Senate unanimously approves O’Mara's paint recycling legislation: O’Mara, state Association of Counties continue to call it important mandate relief action for local governments and taxpayers

May 17, 2017

At a news conference in the Capitol last June, from left to right, New York State Association of Counties Executive Director Stephen J. Acquario, Senator O'Mara and Senator Rich Funke call on Assembly leaders to approve Senator O'Mara's paint stewardship legislation.

This legislation exemplifies how much we can accomplish by working together with industry on important environmental concerns. Working together will go a long ways on reaching an end result on other important issues that would benefit our state fiscally, economically and environmentally.

Albany, N.Y., May 17—The New York State Senate today unanimously approved legislation sponsored by  Senator Tom O’Mara (R,C,I-Big Flats), chairman of the Senate Environmental Conservation Committee, to establish an industry-sponsored “Paint Stewardship Program” to reduce a costly burden on local governments and local taxpayers currently responsible for collecting and disposing of most post-consumer paint.

This marks the third consecutive year the Senate has approved the legislation (S.881/A.1038).  The measure is sponsored by Assemblyman Al Stirpe (D-Syracuse) but it has not been moved out of the Assembly Environmental Conservation Committee. 

O’Mara and the New York State Association of Counties, among other supporters, have criticized the Assembly leadership’s refusal to act on the important environmental and mandate relief legislation so that Governor Andrew Cuomo can sign it into law.  O’Mara said that the legislation would create local jobs, provide fiscal relief to local property taxpayers, and encourage environmentally sound recycling and disposal of unused paint in New York State. 

He pointed to the legislation as an example of how government and industry can work together to implement effective environmental policies and programs.

“This legislation exemplifies how much we can accomplish by working together with industry on important environmental concerns.  Seeking common ground and cooperation, rather than government cramming unreasonable demands down the throat of industry, can help give New York State a more business friendly environment and actually result in better, more workable laws,” O’Mara said.  “Working together will go a long ways on reaching an end result on other important issues that would benefit our state fiscally, economically and environmentally.”  

In a memorandum of support for the legislation, NYSAC states, “nearly four million gallons of leftover paint are generated annually in New York State. Most leftover paint is currently disposed in the garbage despite the efforts of local governments, which spend millions of dollars annually to collect and manage a small fraction of this unwanted paint through the household hazardous waste collection programs. This bill is closely aligned with amendments counties have requested to the New York state Electronic Equipment Recycling and Reuse Act, by requiring manufacturers to take the responsibility off of local governments and placing it on those who generate the leftover paint.”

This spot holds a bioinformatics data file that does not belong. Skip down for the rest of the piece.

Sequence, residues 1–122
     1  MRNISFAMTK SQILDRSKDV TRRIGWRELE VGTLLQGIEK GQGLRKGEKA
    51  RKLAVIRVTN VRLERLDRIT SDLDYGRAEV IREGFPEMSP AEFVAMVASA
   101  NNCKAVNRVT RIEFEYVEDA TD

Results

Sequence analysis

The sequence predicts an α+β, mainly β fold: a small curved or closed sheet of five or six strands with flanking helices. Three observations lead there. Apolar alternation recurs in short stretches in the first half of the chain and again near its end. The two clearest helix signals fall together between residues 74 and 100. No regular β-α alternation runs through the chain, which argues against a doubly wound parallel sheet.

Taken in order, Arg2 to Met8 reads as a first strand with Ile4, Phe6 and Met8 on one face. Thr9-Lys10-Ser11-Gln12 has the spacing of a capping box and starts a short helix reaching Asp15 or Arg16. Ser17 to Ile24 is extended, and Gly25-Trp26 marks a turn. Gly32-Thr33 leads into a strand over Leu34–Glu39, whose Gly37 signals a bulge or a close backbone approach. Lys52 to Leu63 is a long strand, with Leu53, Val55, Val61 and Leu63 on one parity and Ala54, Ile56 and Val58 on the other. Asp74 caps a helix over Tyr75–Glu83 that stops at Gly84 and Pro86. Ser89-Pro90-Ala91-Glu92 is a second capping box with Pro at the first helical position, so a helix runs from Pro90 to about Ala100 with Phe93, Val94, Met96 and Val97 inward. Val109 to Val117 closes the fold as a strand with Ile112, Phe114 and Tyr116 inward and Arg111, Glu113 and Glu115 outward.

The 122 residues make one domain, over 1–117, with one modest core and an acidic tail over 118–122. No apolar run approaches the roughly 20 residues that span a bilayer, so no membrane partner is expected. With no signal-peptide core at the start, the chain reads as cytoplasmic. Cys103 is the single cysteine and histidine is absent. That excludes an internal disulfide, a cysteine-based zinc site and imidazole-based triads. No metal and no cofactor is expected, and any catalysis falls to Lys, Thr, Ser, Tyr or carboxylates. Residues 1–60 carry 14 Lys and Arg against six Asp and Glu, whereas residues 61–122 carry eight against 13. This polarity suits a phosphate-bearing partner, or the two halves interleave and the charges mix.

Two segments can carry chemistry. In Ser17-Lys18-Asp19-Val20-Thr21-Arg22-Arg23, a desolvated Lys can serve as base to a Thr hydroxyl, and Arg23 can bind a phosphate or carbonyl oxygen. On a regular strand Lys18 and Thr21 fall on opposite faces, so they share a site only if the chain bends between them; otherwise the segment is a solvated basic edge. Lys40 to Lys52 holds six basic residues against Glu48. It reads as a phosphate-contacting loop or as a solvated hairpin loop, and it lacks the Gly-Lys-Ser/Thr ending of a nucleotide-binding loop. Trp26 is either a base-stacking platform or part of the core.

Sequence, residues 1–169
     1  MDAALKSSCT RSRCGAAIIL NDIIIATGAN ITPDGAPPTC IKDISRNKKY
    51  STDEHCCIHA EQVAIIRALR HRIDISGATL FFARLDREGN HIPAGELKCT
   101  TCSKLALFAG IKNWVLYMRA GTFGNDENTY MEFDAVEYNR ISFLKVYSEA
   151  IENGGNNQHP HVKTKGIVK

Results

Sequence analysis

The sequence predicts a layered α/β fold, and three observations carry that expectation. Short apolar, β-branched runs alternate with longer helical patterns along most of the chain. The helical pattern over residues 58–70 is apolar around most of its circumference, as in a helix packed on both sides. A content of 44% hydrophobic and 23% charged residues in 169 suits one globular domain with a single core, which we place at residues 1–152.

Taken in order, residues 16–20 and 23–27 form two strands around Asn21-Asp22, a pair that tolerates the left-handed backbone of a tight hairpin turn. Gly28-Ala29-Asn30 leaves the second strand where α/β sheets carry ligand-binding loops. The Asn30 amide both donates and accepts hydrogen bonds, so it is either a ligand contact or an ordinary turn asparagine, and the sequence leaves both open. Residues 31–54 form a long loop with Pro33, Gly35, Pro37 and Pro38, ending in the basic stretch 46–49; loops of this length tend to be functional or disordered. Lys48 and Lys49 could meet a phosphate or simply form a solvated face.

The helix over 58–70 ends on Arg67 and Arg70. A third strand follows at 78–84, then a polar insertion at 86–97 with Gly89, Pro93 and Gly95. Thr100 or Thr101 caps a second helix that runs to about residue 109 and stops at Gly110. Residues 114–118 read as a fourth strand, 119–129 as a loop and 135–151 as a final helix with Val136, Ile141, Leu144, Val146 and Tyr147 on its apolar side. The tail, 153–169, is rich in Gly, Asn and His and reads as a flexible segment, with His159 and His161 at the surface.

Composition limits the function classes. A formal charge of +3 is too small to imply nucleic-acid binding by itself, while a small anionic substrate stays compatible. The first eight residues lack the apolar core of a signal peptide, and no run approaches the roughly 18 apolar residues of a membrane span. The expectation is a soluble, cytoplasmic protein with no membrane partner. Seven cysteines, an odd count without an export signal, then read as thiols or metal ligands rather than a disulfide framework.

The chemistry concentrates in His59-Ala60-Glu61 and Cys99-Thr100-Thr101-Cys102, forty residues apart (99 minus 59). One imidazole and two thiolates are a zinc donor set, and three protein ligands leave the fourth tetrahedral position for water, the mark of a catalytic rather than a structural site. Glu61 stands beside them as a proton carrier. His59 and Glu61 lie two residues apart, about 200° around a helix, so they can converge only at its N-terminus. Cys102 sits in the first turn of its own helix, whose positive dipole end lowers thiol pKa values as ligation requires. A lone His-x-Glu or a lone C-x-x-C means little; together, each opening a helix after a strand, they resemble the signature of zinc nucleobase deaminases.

The New York League of Conservation Voters notes in its own memorandum of support that the law would “divert hazardous paint from the state’s landfills and ease a financial burden on localities who are responsible for proper paint disposal.  Product stewardship laws create safe and environmentally friendly processes to dispose of or recycle hazardous products such as batteries, electronics, and pharmaceuticals.”

The national Product Stewardship Institute (PSI) estimates that nearly 4 million gallons of paint go unused each year in New York State -- with the costs of collecting and managing the paint’s disposal mostly falling on local governments.  Under O’Mara’s legislation, through which paint manufacturers would be responsible for managing the recycling and disposal of unused paint, local governments would save upwards of $30 million annually.

Paint stewardship laws been enacted in eight states (California, Colorado, Connecticut, Maine, Minnesota, Oregon, Rhode Island and Vermont) and Washington D.C.  According to the PSI, these laws have already resulted in more than $69 million in taxpayer savings, created over 200 jobs, and led to the recycling of over 17 million gallons of high quality paint (a majority of which is recycled back into paint).

The measure has consistently drawn the support of a range of environmental advocacy organizations, paint industry representatives, and municipal agencies, including the: Onondaga County Resource Recovery Agency; Madison County Department of Solid Waste & Sanitation;  American Coatings Association; New York Product Stewardship Council; Citizens Campaign for the Environment;  and the National Resources Defense Council.  The joint, bipartisan New York State Caucus of Environmental Legislators has also cited it as a priority action.

In addition to reduced costs on local taxpayers, O’Mara said, a Paint Stewardship Program will create convenient recycling opportunities and green sector jobs, reduce disposal in favor of recycling, and result in less waste as consumers will become smarter and more efficient shoppers for paint.